Two of the British divers working on the so-called ‘Mission Impossible’ to free the twelve schoolboys and their football coach from the Tham Luang cave in Thailand, had just returned home from a major expedition to Mexico in April and May this year where, in its closing stages, part of their team also became trapped underground by rapidly rising flood water.
Six elite divers found themselves literally running for their lives when unexpected rainfall suddenly started pouring into the Sierra Mazateca cave system they were exploring. The team ended up trapped a kilometre underground with no exit, very little food, and just the wetsuits they were wearing to provide protection.
‘I was humping gear in an area know as the Grand Lagoon deep inside the system when the silence was broken by a deafening noise, as if two giant water turbines had suddenly been turned on,’ says Andreas Klocker, 38, one of the expedition leaders. Klocker instinctively knew they were in trouble. Despite this being the dry season in Sierra Mazateca, an isolated mountainous region in the southern Mexico province of Oaxaca, the only explanation for the noise was that an unexpected downpour was rapidly filling the extremely challenging cave system.
Klocker immediately ran to Zeb, another team member who was bringing bad news of his own. ‘He immediately told me that the water level in Sump Three had just come up by almost a metre,’ Klocker recalls, referring to the flooded passages in a cave network that require the use of scuba gear to navigate. ‘Putting those two bits of information together – both the thundering noise at the Grand Lagoon and the fast-rising water in Sump Three – it was clear to me that we were in big trouble. My face must have looked worried, and Zeb, who has probably spent more time with me in very remote cave passages than anyone else, realised immediately that this was serious.’
They decided to make a dash to safety. Quickly, three of the divers who were still underwater were ushered out and they all headed towards an area known as the Whacking Great Chamber – a cathedral-like space nearly 100 metres high. If the team could get there they would be safe from drowning, but the water was rising fast and in the narrow passage leading to the chamber it was, at its worst, just 10cm from the rock ceiling.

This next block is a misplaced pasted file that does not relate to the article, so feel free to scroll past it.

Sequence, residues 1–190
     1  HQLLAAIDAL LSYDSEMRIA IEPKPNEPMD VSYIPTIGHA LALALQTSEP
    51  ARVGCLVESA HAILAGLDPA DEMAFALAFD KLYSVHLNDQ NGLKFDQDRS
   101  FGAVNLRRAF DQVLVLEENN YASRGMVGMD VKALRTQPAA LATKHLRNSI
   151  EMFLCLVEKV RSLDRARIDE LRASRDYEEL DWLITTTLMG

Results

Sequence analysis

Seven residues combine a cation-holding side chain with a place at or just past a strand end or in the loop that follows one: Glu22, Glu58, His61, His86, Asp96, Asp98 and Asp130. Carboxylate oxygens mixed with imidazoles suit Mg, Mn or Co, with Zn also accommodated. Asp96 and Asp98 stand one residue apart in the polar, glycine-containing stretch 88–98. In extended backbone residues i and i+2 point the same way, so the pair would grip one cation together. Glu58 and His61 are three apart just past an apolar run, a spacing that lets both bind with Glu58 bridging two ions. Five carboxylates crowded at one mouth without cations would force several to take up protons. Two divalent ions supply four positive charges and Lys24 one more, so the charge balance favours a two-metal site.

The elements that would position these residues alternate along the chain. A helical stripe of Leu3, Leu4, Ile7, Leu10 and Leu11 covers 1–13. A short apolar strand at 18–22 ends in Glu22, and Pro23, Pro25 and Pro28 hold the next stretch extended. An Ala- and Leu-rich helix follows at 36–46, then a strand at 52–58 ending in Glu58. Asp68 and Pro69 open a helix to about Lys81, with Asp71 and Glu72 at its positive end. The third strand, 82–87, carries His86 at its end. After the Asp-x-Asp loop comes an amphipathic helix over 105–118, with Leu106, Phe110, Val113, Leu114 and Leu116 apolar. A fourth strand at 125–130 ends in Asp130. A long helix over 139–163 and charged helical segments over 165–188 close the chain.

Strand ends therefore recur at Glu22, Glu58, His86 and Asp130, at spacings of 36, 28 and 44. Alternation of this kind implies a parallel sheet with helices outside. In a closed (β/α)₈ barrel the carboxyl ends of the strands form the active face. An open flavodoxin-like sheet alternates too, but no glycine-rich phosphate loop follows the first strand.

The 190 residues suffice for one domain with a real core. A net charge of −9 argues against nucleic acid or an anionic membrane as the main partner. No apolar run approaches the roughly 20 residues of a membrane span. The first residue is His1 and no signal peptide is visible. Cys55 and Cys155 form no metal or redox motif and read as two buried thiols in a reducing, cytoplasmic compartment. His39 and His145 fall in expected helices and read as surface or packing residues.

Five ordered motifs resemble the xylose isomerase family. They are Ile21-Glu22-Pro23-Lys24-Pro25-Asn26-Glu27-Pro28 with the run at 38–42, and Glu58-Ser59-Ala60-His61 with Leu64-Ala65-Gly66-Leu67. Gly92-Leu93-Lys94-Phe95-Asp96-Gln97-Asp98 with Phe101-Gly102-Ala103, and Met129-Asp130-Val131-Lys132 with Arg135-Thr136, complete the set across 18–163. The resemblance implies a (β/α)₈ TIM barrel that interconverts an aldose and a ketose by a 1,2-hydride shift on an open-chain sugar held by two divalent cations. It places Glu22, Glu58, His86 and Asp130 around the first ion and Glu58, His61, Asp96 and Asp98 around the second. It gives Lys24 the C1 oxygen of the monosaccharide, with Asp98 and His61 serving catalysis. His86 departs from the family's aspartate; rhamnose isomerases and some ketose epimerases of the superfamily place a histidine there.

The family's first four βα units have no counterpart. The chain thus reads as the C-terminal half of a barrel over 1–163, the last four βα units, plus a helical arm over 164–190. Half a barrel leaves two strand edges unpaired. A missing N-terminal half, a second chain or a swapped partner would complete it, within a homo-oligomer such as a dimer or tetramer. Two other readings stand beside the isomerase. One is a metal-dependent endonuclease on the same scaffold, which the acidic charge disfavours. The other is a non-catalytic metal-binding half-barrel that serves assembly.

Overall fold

Two of the divers plunged into the water and swam the ten metres required to ascertain that the route was safe. Having done so, they managed to run a line through the rapidly filling passage and the others quickly followed.
While they were temporarily safe in this vast chamber, the divers were now a kilometre away from their flooded exit. With just four granola bars between the six of them, the wetsuits they stood in and only one space blanket to provide any sort of warmth, the gravity of the situation began to sink in. Privately they all started asking themselves some daunting questions: what if it the water keeps rising? When, if ever, will it drop? Could the natural high water mark leave them trapped? How long have they got?
Gilly Elor, 33, from the United States, describes their predicament: ‘The only action we could take once trapped was to lie still in the dark, conserving both energy and headlamp batteries while attempting to keep warm.’ The only hope the team had was that the water level at the passage would drop. ‘We knew that was our only way out,’ says Elor.
But the water continued to rise. ’That first night nobody spoke a word,’ she remembers. ‘What would we have talked about? Our outside lives? I think we were all contemplating the possibility that we may not get out.’
Eventually, however, the water level began to slowly drop. The team continued to huddle in the dark, listening to the sound of the gurgling water and coming up with theories justifying why every noise was a good sign. But it was agonisingly slow going. ‘As time passed, we grew weaker from lack of food,’ describes Elor. ‘After 48 hours we split two of the four granola bars six ways. I think the trick in this situation is not to fantasise about the food you can’t have.’
It was 69 hours in total before the waters had dropped enough for the divers to finally escape and, exhausted and extremely hungry, they reached the cave exit after several hours of scrambling through passages that were now treacherous with mud. Still the challenge wasn’t over though as, having not eaten for three days, they had to ascend the 700 vertical metre canyon walls before finally reaching their base camp late at night.
The full story of the team’s expedition plus an account of their involvement with the rescue operation in Thailand will appear in the September print issue of Geographical, on sale from 23 August.
You can also find out more about the team’s cave diving on the following links:
• The Huautla Resurgence Project
• Even Further
• British Cave Rescue Council
• Adam Haydock
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